Winner, Publishers Weekly Best Books of 2002, Non-Fiction For every survivor of a crime, there is a criminal who forces his way into the victim's thoughts long after the act has been committed.Reporters werent allowed into Kosovo during the war without the permission of the Yugoslavian government but Matthew McAllester went anyway. In Beyond the Mountains of the Damnedhe tells the story of Pec, Kosovo's most destroyed city and the site of the earliest and worst atrocities of the war, through the lives of two men one Serb and one Kosovar. They had known each other, and been neighbors for years before one visited tragedy on the other. With a journalist's eye for detail McAllester asks the great question of war: What kind of men could devastate an entire city, killing whole families, and feel no sense of guilt? The answer lies in the culture of gangsterism and ethnic hatred that began with the collapse of Yugoslavia.In March of 1999, the world watched thousands of Albanian refugees pour out of Kosovo, carrying stories of the terror that drove them from their homes. To Isa Bala and his family, Albanian Muslims who stayed in Pec during the NATO bombardment, the war in Kosovo was not about cruise missiles and geopolitics. It was about tiptoeing between survival and death in the town that saw the fiercest destruction, the most thorough eviction of the Albanian population and killings whose brutality demands explanation. To Nebojsa Minic and other Serb militiamen who ruled with murder, the conflict was about the exercise of power. Today they are alive and well in the new Yugoslavia. So unconcerned are they over the prospect of ever being held accountable for their crimes that they were willing to sit down over coffee after the war and discuss in detail their brief, brutal reign.To write this book, Matt McAllester walked through mountains covered with snow and hatred with rifle shots aimed at him from above. He wrote it with extraordinary talent that is equal to his bravery.Jimmy Breslin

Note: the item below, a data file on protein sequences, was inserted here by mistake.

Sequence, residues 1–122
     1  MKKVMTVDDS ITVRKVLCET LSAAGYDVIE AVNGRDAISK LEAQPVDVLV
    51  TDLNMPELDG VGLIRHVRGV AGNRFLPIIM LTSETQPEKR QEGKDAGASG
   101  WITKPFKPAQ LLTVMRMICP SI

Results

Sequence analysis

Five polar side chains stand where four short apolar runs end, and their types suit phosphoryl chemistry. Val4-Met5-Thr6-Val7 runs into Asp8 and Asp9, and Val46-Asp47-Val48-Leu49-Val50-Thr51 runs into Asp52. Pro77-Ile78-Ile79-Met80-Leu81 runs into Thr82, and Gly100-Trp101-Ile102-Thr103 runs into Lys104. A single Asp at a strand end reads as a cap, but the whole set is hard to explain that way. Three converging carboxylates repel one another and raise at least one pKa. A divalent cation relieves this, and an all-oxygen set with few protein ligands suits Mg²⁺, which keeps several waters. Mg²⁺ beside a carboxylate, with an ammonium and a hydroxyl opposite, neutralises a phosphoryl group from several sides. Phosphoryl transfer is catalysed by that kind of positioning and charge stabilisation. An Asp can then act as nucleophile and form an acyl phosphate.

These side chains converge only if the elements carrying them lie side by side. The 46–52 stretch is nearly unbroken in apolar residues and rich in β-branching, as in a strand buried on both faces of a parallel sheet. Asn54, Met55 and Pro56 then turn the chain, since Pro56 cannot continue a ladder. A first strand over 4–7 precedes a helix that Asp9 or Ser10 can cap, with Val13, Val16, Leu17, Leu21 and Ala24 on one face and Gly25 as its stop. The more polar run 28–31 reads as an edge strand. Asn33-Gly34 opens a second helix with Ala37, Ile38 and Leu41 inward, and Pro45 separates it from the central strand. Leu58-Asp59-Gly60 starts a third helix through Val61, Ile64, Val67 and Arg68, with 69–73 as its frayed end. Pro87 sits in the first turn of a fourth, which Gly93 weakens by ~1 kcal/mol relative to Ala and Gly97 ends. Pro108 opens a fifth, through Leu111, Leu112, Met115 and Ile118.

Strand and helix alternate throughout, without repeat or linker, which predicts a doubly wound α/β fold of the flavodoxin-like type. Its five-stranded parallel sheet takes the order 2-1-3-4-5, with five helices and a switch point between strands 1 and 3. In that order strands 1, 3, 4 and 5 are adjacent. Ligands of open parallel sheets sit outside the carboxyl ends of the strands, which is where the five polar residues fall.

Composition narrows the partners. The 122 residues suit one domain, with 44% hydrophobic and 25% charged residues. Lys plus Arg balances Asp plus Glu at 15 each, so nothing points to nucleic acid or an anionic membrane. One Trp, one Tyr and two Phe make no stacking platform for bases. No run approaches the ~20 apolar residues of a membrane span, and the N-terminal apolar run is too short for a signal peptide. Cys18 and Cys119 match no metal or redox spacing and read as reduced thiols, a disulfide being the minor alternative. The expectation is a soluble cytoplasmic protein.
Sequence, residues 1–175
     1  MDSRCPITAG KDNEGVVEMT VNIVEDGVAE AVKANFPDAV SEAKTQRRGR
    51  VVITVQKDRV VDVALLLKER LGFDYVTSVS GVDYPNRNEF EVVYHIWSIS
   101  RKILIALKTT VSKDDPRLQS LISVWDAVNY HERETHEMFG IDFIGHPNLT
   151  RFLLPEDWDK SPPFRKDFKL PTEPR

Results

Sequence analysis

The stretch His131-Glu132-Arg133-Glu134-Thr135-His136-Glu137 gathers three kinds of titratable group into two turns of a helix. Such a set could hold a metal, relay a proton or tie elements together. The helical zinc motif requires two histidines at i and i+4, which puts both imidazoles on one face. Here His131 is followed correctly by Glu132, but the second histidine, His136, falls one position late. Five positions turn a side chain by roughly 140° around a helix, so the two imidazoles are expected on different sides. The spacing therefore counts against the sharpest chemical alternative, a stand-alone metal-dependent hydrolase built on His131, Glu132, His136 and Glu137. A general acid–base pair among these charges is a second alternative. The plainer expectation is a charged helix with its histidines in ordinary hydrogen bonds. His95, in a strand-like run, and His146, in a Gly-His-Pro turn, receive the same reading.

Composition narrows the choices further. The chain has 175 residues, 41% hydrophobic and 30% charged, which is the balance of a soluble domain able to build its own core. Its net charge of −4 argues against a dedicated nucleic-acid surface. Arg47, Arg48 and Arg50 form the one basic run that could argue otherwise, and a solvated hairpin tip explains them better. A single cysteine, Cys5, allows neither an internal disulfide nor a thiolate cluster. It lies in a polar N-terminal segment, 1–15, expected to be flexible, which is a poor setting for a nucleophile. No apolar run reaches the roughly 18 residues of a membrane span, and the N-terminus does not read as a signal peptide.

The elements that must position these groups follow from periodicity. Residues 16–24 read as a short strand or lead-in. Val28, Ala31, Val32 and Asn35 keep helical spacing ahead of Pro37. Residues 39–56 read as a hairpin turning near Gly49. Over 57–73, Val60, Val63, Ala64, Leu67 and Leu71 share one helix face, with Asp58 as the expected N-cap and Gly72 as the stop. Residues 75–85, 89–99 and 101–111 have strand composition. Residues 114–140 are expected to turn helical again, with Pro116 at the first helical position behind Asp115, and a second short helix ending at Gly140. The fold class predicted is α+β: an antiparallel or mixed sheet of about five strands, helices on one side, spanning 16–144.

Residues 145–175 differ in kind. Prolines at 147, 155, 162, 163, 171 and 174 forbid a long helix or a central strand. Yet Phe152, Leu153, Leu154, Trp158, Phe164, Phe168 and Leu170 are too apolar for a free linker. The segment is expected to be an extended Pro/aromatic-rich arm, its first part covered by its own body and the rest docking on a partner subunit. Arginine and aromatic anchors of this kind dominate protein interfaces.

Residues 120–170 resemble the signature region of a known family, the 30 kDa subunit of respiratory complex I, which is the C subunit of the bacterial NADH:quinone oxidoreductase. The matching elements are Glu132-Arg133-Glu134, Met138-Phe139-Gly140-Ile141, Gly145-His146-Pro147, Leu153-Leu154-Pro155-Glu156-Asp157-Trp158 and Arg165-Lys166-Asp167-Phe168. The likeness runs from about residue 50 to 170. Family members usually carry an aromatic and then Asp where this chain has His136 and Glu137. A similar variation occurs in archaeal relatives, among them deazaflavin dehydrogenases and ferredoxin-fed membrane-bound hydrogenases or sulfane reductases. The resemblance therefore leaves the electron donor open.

Matthew McAllester's Beyond the Mountains of the Damned tells the searing and disturbing story of the war in Kosovo. He explains clearly, as few have, what happened and why, and why it matters. His powerful narrative takes us down roads, past checkpoints, and into battle zones, and it plunges us into strange, sad, scarred places where no other reporter has gone. The book has a drive and a momentum that keep you reading even when the sheer horror and stupidity of events is painful. A human as well as a historic tale, told with an eye and an ear for the personal, the individual, the intimate Amy Wilentz, author of Martyrs Crossing and The Rainy Season: Haiti since Duvalier
Beyond the Mountains of the Damned is about how war destroys society at its most basic level. I read this and understood what happened to ordinary people caught up in extraordinary circumstances during those dark and desperate days in Kosovo. It is a book I will not forget. Janine di Giovanni, special correspondent, Vanity Fair and the Times of LondonA heart-rending tale of the execution of innocents, told with eloquence and compassion by a brilliant and courageous young journalist. What is astonishing about this story of death in Pec is that it actually took place in the last year of the twentieth century and in supposedly civilized Europe.
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